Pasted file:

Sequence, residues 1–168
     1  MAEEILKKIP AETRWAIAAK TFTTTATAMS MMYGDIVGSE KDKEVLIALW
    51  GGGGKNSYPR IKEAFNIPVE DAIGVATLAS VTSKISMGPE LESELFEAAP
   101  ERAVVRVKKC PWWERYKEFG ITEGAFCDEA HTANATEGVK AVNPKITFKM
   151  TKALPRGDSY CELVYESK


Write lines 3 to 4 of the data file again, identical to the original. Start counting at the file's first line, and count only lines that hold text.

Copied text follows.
    51  GGGGKNSYPR IKEAFNIPVE DAIGVATLAS VTSKISMGPE LESELFEAAP
   101  ERAVVRVKKC PWWERYKEFG ITEGAFCDEA HTANATEGVK AVNPKITFKM